The Australian pork industry has phased out sow stalls and now around 80% of sows (mother pigs) are housed in groups during their pregnancy. However, most sows are still confined in narrow farrowing crates during and after the birth of her piglets.   

In Australia, Country of Origin Labelling (CoOL) has also been introduced, requiring all businesses selling packaged food products to ensure packing includes a product label stating the percentage of Australian ingredients and the country of origin of those ingredients. Be sure to check the bar to see what percentage of ingredients are Australian, if its low, it’s unlikely the pork is Aussie grown.   

RSPCA Approved

When you see the RSPCA Approved certification on pork, this means the pig has come from a farm that meets the RSPCA Approved Farming Scheme’s detailed and publicly available Standard for pigs – and that the farm is regularly assessed to make sure the Standard is being met.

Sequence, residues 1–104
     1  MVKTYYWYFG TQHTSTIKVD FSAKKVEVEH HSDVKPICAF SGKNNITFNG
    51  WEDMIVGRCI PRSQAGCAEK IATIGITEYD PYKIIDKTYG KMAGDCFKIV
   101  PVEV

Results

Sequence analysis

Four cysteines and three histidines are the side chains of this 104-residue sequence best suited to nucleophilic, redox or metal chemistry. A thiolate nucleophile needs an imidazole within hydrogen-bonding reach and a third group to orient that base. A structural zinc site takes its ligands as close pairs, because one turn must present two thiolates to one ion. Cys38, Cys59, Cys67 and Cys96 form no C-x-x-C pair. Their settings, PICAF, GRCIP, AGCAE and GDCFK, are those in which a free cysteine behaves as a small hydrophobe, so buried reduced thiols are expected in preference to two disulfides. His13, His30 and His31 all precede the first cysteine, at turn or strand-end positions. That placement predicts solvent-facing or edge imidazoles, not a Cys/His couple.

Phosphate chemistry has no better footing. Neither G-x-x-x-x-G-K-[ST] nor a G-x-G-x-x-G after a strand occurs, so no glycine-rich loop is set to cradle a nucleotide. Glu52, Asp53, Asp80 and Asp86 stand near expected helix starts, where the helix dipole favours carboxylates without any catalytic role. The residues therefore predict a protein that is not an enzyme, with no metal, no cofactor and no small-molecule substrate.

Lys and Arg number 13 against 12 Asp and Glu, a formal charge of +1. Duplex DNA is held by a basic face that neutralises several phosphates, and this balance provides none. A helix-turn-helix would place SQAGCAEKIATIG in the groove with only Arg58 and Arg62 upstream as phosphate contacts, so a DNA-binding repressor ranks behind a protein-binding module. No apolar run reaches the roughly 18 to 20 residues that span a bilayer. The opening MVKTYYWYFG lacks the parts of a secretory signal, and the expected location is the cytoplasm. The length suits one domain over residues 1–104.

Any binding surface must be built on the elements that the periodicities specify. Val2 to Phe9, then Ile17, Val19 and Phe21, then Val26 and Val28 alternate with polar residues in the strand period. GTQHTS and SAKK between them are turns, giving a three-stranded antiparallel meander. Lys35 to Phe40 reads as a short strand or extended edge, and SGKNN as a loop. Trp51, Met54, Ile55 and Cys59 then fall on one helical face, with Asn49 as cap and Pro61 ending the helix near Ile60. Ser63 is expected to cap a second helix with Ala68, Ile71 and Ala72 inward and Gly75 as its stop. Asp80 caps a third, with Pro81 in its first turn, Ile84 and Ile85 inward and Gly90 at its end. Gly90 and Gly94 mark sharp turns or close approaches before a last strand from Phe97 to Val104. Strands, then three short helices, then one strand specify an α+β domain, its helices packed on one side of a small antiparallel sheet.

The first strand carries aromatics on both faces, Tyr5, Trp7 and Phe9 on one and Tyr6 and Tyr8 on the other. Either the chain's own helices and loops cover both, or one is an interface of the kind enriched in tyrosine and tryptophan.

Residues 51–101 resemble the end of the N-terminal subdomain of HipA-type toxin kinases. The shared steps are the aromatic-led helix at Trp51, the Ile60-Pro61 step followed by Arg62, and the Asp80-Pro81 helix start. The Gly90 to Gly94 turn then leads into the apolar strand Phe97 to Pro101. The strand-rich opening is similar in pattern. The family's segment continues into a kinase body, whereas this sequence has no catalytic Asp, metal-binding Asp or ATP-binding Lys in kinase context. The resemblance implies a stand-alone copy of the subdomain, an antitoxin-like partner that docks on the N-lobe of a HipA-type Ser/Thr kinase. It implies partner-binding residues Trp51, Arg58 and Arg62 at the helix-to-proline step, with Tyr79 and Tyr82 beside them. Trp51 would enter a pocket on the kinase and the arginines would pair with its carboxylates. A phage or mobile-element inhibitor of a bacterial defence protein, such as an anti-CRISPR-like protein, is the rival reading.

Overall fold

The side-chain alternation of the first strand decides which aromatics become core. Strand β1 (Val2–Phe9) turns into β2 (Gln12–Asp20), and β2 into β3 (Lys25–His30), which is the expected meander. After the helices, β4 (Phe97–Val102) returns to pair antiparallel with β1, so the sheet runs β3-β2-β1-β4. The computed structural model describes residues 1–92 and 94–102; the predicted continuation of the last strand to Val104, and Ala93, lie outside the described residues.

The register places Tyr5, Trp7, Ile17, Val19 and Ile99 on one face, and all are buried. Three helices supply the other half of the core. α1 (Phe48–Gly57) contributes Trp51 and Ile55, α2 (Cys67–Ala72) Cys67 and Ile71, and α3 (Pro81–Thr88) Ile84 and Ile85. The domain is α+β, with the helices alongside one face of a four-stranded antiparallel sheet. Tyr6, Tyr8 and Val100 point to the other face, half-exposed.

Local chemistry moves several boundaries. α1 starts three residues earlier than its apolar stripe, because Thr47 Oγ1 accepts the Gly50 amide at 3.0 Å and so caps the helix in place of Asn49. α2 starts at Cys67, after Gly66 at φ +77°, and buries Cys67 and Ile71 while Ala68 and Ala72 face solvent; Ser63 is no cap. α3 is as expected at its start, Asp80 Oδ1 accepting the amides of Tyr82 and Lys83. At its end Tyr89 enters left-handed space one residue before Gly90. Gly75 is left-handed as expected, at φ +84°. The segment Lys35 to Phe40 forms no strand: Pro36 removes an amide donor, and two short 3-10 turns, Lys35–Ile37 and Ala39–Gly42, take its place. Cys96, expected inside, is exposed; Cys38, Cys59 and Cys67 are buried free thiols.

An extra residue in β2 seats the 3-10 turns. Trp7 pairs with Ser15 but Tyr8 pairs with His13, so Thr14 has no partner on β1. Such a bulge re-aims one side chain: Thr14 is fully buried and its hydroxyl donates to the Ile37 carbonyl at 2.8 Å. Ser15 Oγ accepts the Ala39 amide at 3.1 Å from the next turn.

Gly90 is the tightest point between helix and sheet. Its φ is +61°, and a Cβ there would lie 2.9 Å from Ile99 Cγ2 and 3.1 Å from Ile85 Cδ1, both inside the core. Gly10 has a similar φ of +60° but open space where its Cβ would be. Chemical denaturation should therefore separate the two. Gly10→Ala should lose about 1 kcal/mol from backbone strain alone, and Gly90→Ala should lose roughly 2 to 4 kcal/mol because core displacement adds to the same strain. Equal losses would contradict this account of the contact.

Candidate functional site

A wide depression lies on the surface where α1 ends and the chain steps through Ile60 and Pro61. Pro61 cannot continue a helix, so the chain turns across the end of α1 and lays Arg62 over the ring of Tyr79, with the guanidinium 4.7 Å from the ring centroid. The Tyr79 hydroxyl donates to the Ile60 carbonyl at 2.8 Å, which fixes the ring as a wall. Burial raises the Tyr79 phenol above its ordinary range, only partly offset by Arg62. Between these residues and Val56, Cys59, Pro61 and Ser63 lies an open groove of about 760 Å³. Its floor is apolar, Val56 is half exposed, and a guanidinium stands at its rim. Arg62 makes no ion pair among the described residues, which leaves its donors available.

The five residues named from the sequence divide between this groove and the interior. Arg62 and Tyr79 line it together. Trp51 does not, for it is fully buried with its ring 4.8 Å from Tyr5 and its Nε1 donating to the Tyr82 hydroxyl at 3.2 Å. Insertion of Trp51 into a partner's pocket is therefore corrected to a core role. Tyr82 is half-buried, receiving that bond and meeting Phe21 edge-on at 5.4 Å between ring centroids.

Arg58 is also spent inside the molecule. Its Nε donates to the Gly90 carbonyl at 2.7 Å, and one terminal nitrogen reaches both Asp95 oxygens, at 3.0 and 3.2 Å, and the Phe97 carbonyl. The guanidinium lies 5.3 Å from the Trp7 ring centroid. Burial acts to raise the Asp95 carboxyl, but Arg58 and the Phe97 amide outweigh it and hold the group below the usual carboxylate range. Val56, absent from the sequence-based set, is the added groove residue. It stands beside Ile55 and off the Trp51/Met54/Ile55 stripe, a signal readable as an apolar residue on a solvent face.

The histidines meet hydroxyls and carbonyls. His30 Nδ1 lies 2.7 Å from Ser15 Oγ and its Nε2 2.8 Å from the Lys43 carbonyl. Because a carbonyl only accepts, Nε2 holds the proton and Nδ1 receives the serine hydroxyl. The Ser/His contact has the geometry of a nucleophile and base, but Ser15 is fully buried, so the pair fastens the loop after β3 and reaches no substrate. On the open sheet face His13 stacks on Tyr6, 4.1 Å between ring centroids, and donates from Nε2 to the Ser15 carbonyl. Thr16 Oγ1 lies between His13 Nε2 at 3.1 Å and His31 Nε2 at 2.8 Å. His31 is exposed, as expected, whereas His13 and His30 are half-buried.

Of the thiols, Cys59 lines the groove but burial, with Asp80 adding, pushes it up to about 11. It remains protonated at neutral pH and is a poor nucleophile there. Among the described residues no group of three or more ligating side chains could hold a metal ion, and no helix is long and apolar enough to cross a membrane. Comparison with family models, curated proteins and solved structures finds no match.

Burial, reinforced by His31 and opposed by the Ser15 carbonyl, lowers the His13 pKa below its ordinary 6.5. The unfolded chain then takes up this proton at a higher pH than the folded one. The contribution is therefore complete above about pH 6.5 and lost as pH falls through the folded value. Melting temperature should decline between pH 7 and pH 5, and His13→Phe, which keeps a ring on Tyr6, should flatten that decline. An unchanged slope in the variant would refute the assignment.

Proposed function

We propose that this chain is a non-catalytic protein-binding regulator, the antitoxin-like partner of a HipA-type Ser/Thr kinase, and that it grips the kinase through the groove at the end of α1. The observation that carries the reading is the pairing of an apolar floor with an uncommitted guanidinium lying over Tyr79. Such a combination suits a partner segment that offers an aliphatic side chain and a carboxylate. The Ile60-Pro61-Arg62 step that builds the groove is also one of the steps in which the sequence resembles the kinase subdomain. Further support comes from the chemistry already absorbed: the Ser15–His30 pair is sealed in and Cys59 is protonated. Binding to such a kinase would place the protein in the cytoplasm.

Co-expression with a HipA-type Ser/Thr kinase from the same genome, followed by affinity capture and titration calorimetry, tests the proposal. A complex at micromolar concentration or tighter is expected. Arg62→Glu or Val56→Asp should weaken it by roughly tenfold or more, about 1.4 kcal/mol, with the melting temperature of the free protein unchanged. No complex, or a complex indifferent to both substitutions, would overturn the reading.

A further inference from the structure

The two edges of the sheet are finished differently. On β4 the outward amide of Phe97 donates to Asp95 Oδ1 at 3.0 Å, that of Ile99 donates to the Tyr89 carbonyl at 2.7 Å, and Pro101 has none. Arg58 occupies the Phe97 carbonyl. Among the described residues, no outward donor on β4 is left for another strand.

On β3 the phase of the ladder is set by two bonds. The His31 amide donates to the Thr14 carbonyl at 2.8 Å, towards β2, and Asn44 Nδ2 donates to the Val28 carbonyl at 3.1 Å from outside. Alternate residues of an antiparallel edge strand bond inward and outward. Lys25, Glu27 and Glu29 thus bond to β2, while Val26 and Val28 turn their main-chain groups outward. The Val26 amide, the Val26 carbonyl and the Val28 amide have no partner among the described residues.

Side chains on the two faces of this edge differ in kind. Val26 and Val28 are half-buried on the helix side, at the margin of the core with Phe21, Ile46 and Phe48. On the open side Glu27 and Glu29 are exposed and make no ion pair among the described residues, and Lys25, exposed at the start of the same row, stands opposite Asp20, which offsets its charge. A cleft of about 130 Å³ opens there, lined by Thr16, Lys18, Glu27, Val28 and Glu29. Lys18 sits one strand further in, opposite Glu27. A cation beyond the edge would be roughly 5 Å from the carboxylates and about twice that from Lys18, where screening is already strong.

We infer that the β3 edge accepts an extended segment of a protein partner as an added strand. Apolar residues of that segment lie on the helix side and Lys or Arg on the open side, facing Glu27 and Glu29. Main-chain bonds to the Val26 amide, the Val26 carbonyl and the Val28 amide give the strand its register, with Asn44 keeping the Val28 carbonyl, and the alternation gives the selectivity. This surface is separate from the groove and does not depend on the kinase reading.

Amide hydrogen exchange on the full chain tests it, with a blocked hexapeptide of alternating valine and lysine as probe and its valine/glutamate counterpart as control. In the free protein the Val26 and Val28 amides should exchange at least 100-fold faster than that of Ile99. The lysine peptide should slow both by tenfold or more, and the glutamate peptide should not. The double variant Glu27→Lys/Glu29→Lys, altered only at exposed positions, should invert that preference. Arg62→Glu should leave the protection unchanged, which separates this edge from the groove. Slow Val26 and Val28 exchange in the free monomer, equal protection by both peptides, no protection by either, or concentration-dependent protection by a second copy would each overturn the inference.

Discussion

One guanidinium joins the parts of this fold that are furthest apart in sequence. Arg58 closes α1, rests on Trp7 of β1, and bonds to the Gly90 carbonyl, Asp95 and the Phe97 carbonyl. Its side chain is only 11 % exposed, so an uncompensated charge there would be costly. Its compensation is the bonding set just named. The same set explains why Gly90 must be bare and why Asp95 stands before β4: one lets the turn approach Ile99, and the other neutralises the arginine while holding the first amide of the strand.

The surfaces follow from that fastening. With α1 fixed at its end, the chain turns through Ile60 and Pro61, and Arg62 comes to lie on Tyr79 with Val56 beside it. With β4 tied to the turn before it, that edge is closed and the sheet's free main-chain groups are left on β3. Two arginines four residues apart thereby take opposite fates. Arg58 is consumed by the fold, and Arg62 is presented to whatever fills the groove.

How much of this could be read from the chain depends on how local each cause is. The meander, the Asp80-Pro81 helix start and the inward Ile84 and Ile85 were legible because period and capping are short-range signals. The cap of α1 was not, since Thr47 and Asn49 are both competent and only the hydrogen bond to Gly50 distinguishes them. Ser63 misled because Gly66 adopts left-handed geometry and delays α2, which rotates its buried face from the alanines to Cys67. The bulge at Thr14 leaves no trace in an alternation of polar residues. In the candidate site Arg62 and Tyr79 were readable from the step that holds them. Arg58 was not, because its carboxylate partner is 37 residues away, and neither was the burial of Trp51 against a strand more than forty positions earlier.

The RSPCA Standard for pigs has 322 requirements on farm and 88 at slaughter. Whether an indoor, outdoor-bred or free-range farm there is a focus on providing for pigs’ behavioural and physical needs. Sow stalls, traditional farrowing crates and painful husbandry procedures (such as tail docking and teeth clipping) are not allowed under the RSPCA Approved Farming Scheme at all.  

Pig farms with RSPCA Approved certification are assessed twice a year and abattoirs once a year by specially trained RSPCA Assessors. Any brand marketing their product as RSPCA Approved also undergoes traceability assessments by the RSPCA to verify the products supply chain.